It can become a regular spiritual practice to stop, take stock, and begin afresh in our shared life so that those “things” we are about actually nourish rather than consume us. (Years ago, our church “took a nap” in January, which is easy to do in cold and snowy Cleveland; the only things on our schedule were gatherings for prayer, learning and worship, but no regular meetings were held.) I’ve always found it helpful – and challenging – to imagine how a visitor experiences a church, that is, its people and its ministries/activities rather than its building or its style of worship, the two things we probably focus most of our attention on. Do you think visitors to your church perceive what you are doing as a witness? If so, what are you witnessing to? Are your visitors drawn into the life of your church, or do they remain merely observers? Is the spirit of your church contagious, where others find themselves wanting to learn more, to gather with the folks in your church, to break and share the bread, to pray in community, not just alone? (Not that there’s anything wrong with praying in solitude, but there is value in both.)
And then there are the implications and indications of this shared life outside the church building: first, at the end of worship or a trustees meeting or a mission trip or an adult education class or a church supper, our hope is that lives are affected, changed in ways that may be imperceptibly small and yet quite powerful. Maybe, for some, transformation is sudden and dramatic and even long-lasting, but for others, it’s incremental, born of everyday faithfulness and grace. And yet those gatherings, those studies, and those worship experiences can resound and echo through their lives, after they return to the world, filled with the Spirit and sent to share God’s love and forgiveness with a world so in need of both.
Our reading is so short and yet, if we pay close attention, if we sit with it for a while, and if we’re brave enough to share it with others, we may find that many “good Christians” (including us) would feel uncomfortable with what it’s implying. (How ironic that this discomfiting text is read on Good Shepherd Sunday, when we hear the beloved and most comforting Psalm 23.) Do you think we even begin to share our possessions with those around us so that everyone has enough? It isn’t just individual lives that need to be transformed, we hear in this text, but the life of the community, the way we share. How does this reading sound to our 21st-century, capitalist, private-property ears? God is still speaking to us today, through this reading and through the images that come to us on the nightly news, about the ownership and accumulation of property to excess, the movement of wealth upward in disproportionate ways that endanger the poor and the middle class.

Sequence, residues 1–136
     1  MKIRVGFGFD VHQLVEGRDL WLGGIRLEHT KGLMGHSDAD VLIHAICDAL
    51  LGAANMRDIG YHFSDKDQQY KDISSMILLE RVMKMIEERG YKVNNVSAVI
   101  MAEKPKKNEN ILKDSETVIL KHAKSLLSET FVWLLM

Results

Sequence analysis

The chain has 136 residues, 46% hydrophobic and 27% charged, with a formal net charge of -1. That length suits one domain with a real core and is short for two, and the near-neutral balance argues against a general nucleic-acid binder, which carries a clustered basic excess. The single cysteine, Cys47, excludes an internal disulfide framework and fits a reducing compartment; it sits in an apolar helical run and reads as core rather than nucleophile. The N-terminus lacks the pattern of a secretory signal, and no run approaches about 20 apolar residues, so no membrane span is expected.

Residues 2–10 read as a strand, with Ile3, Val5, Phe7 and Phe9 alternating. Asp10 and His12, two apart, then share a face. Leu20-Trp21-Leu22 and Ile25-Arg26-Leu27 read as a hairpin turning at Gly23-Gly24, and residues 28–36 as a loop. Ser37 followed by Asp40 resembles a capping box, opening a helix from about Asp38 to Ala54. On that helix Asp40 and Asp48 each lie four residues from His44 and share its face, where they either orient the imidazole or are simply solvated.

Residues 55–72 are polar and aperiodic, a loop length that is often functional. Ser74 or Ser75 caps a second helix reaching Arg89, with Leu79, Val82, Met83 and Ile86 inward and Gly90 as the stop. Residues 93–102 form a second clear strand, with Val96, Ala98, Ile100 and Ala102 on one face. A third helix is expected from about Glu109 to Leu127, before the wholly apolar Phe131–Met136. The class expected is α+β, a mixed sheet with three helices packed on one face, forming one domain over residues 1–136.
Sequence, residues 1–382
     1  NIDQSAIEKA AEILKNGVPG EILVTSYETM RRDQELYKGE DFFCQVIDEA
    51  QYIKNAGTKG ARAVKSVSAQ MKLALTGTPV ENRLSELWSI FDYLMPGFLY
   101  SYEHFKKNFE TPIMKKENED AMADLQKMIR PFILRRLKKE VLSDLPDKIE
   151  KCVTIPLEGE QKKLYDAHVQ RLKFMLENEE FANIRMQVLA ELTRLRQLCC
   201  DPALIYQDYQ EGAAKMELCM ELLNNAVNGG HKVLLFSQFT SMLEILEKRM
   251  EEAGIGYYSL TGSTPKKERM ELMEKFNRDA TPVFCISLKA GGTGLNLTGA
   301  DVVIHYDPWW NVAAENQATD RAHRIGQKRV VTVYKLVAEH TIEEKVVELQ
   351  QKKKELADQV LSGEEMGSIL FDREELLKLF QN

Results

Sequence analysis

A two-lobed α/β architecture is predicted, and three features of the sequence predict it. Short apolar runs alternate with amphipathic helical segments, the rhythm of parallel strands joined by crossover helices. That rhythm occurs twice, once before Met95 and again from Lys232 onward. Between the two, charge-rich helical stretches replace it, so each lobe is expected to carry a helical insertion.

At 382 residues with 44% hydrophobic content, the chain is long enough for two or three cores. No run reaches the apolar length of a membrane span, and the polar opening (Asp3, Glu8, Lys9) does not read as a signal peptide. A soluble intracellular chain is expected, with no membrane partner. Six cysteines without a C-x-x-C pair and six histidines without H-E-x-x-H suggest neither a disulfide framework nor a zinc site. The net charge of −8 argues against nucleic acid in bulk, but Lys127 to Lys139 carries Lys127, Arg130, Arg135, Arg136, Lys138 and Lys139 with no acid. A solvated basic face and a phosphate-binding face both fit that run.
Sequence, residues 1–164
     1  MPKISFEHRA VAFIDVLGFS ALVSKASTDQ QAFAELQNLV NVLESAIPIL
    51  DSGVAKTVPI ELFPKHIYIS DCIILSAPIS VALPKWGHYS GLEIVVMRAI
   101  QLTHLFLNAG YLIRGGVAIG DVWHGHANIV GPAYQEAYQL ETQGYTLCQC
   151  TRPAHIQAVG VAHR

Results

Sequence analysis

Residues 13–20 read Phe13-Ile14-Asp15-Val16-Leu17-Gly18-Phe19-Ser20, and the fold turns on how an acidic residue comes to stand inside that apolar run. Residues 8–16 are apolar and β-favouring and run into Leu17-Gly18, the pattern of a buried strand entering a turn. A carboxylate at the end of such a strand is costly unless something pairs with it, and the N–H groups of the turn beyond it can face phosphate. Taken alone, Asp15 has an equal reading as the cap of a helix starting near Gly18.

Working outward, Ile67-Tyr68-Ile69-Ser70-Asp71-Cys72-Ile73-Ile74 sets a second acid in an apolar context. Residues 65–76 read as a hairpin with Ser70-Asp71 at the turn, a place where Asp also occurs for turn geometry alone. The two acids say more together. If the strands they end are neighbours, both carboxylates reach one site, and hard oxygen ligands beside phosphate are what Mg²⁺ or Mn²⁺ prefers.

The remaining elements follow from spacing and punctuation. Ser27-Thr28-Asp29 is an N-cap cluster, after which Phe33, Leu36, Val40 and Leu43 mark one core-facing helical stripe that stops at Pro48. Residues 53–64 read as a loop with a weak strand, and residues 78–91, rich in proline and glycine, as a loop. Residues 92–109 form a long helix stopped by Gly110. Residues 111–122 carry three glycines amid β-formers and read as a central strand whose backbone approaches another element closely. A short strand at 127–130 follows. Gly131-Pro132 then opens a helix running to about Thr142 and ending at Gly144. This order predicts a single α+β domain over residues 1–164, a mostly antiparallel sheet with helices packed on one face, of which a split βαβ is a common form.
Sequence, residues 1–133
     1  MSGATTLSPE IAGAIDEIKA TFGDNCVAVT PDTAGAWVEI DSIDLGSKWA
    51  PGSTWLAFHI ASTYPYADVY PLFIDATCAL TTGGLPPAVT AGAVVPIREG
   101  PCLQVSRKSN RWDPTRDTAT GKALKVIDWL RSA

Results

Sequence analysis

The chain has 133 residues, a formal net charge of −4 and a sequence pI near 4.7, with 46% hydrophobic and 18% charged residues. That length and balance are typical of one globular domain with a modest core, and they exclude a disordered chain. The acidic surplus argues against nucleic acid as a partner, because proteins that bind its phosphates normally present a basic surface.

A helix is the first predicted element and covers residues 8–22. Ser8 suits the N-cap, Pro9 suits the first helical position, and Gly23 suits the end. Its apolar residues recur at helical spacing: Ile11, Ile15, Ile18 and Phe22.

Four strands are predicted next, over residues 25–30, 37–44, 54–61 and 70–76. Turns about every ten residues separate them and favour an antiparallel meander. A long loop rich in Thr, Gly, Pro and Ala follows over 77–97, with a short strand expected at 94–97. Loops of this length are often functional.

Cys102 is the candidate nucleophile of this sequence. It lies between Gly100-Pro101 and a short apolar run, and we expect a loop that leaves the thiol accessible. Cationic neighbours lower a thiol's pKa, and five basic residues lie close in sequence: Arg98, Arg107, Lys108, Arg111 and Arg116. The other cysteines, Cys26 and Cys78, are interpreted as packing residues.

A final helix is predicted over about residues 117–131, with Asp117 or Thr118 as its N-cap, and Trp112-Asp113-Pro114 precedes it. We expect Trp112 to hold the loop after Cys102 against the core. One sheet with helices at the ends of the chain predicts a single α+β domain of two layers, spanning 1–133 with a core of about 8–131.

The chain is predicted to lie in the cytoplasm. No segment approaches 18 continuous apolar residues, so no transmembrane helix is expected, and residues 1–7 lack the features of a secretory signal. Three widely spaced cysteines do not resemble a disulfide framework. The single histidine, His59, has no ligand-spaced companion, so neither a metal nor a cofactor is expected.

What is your sense of how your own church would respond to a close reading of this text? We’re probably tempted to side with those scholars who call this an idealized description of the life of those earliest Christians, a way of living that even they weren’t really able to achieve. That certainly makes it easier to let ourselves off the hook. And even if they were somehow able to live that way, we of course live in a very different world, with different economic systems, larger populations, different problems and challenges, and so on, and so on. We even have different and in many ways marvelous methods of sharing that those early believers didn’t enjoy. (I’m thinking of the multitude of charities around us, with more popping up on the Internet each day.) Would a close reading of the text and a challenge to live in the same way as our ancestors in faith be simply “too much” for us?
In a very different time and place where private property is actually called “sacred,” the challenge is to imagine how we can remain true to the heart of this ideal. Indeed, it will require the power of the Spirit to transform the way we live together, to make us more and more generous and less and less focused on our own security. Courage will be required of us, and creativity and a lively religious imagination just as much as a passionate commitment to justice. Of course, the sharing of our possessions, including the generous support of God’s mission through the church, isn’t limited to the church: we can hold up the ideal of this passage from Scripture each time we vote or consider school levies, poverty programs, and issues of economic justice. After all, our lives reach and impact others, even beyond our sight, in ways never imagined when this account was written down.